all true! I am the grand duchess, and-
den I wish I were a milkmaid!"
Her little burst of human nature
ght! made him smile involuntarily. Poor
girl! He wondered what a milkmaid
oor would say about being a princess.
There was dead silence for a minute,
and then he began to laugh softly.
She drew her hand away from him in
indignation. He was trifling with her
"When a certain king," he said, and
this time took both her hands firmly
In his, "heard that a certain princess
would not marry him because she did
ut" not love him, he said that rather
ect- would he have for his bride a princess
her who was still a woman than the most
or beautiful grand duchess on the face of
re- the earth. So he left his kingdom and
traveled into another country there to
seek his Lallah Rookh. He found her
she, and fell in love with her. And now I
nan wonder if-"
has But she snatched her hands away
rel- and laid them on his lips.
"If I were the Grand Duchess of
ting Throntheim and you were the King
of Sardonica," and she laughed hap
pily, "oh, my dear, I should say yes!"
om- -Waverley Magazine.
)oat The Battles of Nature.
We read the tablets of long ago
he, which the geologist has deciphered for
utes us, and we find them an endless story
tter of battles. The successful species
who which occupy the great geological hor
>yal izons have come out of great tribula
who tion. The trilobites and some lilies of
the the silurian period, the gigantic club
ries moss and fluted sigillarians of the coal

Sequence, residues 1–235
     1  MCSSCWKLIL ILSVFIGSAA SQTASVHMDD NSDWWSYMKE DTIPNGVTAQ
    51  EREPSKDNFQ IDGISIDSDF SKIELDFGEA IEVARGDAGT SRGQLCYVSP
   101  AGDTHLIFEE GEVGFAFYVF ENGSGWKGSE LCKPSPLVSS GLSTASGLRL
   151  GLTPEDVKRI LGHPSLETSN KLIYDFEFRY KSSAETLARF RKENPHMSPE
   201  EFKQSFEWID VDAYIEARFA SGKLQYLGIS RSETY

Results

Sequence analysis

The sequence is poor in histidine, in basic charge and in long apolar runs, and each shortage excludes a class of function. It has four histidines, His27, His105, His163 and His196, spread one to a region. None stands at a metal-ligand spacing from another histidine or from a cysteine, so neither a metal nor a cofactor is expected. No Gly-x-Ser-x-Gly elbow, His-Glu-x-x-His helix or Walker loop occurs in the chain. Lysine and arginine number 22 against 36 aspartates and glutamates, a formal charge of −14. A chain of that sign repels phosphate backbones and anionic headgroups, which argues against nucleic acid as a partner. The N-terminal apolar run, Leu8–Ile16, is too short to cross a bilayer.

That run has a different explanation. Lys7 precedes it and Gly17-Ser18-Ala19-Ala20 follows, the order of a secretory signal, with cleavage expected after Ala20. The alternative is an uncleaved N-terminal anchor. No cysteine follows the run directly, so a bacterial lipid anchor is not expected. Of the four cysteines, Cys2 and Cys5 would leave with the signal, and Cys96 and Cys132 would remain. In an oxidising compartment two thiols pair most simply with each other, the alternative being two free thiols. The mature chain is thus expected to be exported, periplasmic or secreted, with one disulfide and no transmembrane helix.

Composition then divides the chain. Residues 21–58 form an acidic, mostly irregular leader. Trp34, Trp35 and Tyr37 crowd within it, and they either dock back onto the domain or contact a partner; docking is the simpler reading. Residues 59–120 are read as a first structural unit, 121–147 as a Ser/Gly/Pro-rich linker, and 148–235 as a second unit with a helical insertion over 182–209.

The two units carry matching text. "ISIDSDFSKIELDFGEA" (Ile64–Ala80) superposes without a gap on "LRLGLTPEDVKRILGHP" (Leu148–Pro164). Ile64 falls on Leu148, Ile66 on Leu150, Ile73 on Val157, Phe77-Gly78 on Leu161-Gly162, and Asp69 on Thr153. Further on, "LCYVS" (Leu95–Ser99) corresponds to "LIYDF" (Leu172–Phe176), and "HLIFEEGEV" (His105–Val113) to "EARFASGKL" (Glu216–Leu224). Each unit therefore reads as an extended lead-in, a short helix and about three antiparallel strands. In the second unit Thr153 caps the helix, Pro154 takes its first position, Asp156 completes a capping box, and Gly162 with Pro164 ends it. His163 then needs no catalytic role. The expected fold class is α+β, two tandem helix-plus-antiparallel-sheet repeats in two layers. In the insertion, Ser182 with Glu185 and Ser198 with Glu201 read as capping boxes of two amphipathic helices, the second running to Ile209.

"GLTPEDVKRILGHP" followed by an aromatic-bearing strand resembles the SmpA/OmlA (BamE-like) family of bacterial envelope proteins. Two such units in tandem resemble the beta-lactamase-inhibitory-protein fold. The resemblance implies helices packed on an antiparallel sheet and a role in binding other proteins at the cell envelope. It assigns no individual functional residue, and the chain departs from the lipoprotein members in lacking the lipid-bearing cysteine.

the age, the enormous ammonites of the
vis- Jurassic and chalk epochs, the mighty
she, elephants and majestic deer forms of
the the tertiary era, are magnates of the
the times and masterpieces of the strug
At gle. They had been redeemed at a
m I great price, even of a thousand spe
cies and tens of thousands of individ
uals, who fell short of the typical fit
like ness and were killed out. These mag
iak- nates, each In its turn, were pioneers
will of progress, like the scouts of a great
mnt army, and were caught in a physiolog
boat The pedigree of the horse, in the
Teat most recent past, tias been made out,
idly traced shall we say, for 100,000 years
am. before man came on the scene (for
leas- Lord Kelvin has asked the geologist
to hurry up and not be too lavish, with
low. time, or we should have said 2Z0,000
years before man). The fleetness,
she grace, strength of the horse are owing
to his ability to walk on one toe, to
lany which have been correlated the won
tem- derful instincts by which he has be
e to come the partner of man in his indus
ring, tries and struggles. He has been de
ilth rived in almost a strict gradation from
ride the two-toed, three-toed, four-toed and
had five-toed ancestors, which flourished
in the ages which preceded man. My
Ihy riads of ilndividuals, and all the spe
'ros- cles and varieties, died out to make
not room for the one-toed selection, to en
a'le this favorite to occupy the ground,
nent unthwarted by crossing or by recur.